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Preparing to bring a child into the world is never easy, but the financial component is one of the most important things to consider, whether you are getting ready to try having a baby or waiting for it to come into the world. Statistically, the U.S. Census has shown that fewer babies have been born since 2018, but if you are about to embark on the journey, it is a good idea to get your finances in order. Here are some of our best tips on how to prepare financially for a new baby.

Adjust your budget

If you are looking to expand your family, it is a good idea to take a second look at your budget. Adjustments will need to be made, and it is important to do so before the child arrives. Speak with your partner about how things are going to change and how priorities will shift. Money that was once used for trips, clothes or entertainment may need to be focused.

Consider new items you may need to buy, and factor that into your new budget. According to the USDA, middle-income ($59,200-$107,400) parents will spend about $12,980 annually per one child, but you can calculate your personal costs through a budget calculator.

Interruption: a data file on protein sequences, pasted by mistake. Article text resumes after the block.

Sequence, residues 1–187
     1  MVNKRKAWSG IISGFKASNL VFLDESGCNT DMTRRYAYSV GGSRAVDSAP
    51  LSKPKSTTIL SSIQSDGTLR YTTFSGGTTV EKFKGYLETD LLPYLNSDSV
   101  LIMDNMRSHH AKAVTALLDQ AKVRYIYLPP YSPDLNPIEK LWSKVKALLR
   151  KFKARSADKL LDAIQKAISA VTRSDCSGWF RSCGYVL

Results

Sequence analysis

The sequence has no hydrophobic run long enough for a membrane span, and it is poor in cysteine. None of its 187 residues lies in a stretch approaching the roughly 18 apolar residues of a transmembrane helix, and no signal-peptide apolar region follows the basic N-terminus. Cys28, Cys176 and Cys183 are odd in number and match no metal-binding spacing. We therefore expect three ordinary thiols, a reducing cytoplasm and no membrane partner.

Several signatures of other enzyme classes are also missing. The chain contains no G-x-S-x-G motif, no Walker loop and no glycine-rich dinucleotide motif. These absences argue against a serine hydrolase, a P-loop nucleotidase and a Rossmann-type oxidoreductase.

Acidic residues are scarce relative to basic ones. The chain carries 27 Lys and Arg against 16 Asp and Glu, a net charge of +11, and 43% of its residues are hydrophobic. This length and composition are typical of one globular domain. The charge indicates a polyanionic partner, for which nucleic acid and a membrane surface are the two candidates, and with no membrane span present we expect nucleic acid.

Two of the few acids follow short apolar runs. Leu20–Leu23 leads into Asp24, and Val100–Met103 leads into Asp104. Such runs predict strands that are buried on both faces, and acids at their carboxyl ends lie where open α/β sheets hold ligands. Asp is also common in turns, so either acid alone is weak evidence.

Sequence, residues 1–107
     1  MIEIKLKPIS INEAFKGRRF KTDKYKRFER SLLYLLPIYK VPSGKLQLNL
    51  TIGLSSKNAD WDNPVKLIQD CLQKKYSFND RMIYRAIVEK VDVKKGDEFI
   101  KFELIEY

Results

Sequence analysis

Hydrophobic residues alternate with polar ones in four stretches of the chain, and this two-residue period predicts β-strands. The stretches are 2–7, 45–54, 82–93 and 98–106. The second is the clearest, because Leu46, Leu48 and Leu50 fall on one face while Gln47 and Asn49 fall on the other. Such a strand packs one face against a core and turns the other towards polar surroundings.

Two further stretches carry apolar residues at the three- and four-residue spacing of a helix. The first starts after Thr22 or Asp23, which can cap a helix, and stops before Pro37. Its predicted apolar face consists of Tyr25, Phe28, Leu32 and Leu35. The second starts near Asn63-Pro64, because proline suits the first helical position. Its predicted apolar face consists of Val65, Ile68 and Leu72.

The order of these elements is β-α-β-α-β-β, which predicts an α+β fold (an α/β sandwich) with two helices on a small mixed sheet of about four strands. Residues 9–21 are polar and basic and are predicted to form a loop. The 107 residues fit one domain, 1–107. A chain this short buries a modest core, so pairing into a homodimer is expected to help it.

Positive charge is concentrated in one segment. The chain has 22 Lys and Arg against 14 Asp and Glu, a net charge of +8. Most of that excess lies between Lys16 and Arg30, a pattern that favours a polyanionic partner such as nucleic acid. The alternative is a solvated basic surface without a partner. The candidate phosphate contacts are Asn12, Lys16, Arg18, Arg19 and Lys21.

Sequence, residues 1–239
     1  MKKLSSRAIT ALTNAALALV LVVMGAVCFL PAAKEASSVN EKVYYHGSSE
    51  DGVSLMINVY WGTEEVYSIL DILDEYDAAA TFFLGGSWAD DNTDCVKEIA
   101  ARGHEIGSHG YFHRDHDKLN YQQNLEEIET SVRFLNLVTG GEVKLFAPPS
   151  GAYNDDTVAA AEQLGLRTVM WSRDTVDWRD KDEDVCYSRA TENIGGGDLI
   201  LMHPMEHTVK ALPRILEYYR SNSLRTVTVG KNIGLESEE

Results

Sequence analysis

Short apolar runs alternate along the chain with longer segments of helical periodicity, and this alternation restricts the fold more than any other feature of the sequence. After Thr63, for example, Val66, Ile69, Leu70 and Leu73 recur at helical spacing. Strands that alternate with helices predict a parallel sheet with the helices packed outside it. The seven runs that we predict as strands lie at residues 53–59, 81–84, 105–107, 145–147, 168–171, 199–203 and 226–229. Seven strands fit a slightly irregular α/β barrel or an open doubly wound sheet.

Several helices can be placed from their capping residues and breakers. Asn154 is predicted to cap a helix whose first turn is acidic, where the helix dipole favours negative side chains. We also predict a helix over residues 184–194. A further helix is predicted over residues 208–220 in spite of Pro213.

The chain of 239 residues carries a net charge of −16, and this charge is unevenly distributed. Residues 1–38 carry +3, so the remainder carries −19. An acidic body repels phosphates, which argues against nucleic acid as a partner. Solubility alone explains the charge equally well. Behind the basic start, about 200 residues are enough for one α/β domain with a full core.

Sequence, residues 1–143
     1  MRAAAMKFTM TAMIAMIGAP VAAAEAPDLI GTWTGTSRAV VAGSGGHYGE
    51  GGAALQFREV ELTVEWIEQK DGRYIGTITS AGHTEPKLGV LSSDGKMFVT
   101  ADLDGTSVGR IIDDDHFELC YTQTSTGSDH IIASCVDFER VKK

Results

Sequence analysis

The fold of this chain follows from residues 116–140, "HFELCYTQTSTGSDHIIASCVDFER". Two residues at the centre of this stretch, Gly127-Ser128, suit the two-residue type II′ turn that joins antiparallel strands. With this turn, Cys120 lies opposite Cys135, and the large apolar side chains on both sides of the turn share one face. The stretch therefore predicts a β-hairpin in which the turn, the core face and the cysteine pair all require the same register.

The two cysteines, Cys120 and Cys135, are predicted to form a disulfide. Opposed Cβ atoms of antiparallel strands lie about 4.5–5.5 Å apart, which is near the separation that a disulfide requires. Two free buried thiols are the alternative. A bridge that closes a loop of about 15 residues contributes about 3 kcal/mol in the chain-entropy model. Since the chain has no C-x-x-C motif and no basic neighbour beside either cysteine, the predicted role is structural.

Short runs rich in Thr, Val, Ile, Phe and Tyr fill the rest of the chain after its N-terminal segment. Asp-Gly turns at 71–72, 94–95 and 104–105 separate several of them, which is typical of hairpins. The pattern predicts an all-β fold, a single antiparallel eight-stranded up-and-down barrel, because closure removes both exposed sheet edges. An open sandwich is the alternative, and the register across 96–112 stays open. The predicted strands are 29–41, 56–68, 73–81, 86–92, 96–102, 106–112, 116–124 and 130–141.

Look at your insurance

Your budget will likely require you to look at how much you will need to pay for the birthing and aftercare process out of pocket. Some of these costs are covered by certain insurance plans. If your current plan does not, you may be able to make adjustments in some cases. There are specific life events that allow this to happen, regardless of whether you are in the window of enrollment. This is called a Qualifying Life Event (QLE). One of these QLEs is known as “changes in the household,” which includes getting married or divorcing, having a baby, adopting or experiencing a death in the family.

Create an emergency fund

No one wants to think about an emergency situation, especially when it comes to having a baby. However, it is important to be financially prepared in case something unexpected happens. Obviously, the more you can save the better, but anything will make a difference during unforeseen circumstances. In the likely event that you do not have to dip into the fund, you can turn it into a nest egg for the baby.

Consider boosting your retirement contribution

As you grow your family, your retirement will become more important. The day that you stop working may seem far away but will make all the difference when the time does come. Think about starting a retirement fund or increasing your contribution to support your family in the future.

To learn more about how to tailor your budget to your new needs, reach out to The Federal Savings Bank.